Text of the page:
## Issue

Coding some Quantum Mechanics routines, I have discovered a curious behavior of Python’s NumPy. When I use NumPy’s multiply with more than two arrays, I get faulty results. In the code below, i have to write:

```
f = np.multiply(rowH,colH)
A[row][col]=np.sum(np.multiply(f,w))
```

which produces the correct result. However, my initial formulation was this:

```
A[row][col]=np.sum(np.multiply(rowH, colH, w))
```

which does not produce an error message, but the wrong result. Where is my fault in thinking that I could give three arrays to numpy’s multiply routine?

Here is the full code:

```
from numpy.polynomial.hermite import Hermite, hermgauss
import numpy as np
import matplotlib.pyplot as plt
dim = 3
x,w = hermgauss(dim)
A = np.zeros((dim, dim))
#build matrix
for row in range(0, dim):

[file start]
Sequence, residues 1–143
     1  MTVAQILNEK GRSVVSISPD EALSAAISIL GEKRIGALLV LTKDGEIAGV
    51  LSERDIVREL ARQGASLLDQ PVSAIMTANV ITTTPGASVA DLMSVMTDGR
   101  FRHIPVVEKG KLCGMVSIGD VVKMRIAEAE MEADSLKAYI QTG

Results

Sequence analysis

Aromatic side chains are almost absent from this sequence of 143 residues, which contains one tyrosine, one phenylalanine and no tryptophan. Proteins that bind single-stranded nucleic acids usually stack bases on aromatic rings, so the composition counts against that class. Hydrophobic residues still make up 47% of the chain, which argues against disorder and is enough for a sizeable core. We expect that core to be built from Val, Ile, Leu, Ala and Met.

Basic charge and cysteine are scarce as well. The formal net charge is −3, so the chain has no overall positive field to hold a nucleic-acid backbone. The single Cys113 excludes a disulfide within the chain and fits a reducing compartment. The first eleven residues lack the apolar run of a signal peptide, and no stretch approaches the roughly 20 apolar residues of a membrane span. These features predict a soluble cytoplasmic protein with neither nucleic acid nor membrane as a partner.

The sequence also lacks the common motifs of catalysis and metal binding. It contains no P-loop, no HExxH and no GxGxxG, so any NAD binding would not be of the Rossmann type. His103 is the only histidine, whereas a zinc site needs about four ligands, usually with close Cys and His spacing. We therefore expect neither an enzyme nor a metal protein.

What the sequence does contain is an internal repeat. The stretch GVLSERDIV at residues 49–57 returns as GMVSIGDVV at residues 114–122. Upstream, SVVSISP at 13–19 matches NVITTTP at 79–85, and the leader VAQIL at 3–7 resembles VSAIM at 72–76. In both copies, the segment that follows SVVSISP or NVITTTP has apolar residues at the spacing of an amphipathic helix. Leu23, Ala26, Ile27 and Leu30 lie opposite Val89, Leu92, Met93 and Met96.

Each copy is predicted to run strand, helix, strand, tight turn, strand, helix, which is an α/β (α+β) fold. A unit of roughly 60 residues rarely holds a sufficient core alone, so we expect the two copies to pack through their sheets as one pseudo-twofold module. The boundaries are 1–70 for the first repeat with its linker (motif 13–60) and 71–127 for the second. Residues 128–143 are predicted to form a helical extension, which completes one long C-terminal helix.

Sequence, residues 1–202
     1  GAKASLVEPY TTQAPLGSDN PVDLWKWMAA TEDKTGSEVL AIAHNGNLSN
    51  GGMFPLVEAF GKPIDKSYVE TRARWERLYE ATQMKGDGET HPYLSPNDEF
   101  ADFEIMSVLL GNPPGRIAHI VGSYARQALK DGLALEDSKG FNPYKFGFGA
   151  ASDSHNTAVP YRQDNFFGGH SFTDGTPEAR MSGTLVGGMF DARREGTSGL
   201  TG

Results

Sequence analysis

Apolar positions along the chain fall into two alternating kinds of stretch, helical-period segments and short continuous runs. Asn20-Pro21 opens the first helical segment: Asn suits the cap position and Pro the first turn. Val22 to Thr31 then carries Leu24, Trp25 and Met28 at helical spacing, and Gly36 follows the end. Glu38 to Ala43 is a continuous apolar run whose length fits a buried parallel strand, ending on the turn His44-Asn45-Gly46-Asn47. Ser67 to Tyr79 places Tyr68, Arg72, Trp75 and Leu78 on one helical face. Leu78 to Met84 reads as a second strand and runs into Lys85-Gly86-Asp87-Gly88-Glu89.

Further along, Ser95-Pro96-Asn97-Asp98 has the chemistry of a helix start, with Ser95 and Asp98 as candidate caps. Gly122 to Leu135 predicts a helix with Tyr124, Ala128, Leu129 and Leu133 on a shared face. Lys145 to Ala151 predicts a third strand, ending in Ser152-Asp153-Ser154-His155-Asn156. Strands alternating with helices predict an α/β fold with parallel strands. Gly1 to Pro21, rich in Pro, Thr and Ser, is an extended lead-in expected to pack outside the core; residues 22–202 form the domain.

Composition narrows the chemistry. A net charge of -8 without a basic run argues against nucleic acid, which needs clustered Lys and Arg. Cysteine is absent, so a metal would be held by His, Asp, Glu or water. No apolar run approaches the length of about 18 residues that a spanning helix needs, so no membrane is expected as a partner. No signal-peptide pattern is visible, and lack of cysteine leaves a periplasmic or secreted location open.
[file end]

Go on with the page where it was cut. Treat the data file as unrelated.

rowH = Hermite.basis(row)(x)
for col in range(0, dim):
colH = Hermite.basis(col)(x)
#gaussian quadrature in vectorized form
f = np.multiply(rowH,colH)
A[row][col]=np.sum(np.multiply(f,w))
print(A)
```

**::NOTE::** this code only runs with **NumPy 1.7.0** and higher!

## Solution

Your fault is in not reading the documentation:

`numpy.multiply(x1, x2[, out])`

`multiply`

takes exactly two input arrays. The optional third argument is an output array which can be used to store the result. (If it isn’t provided, a new array is created and returned.) When you passed three arrays, the third array was overwritten with the product of the first two.

Answered By – BrenBarn

Answer Checked By – Mary Flores (BugsFixing Volunteer)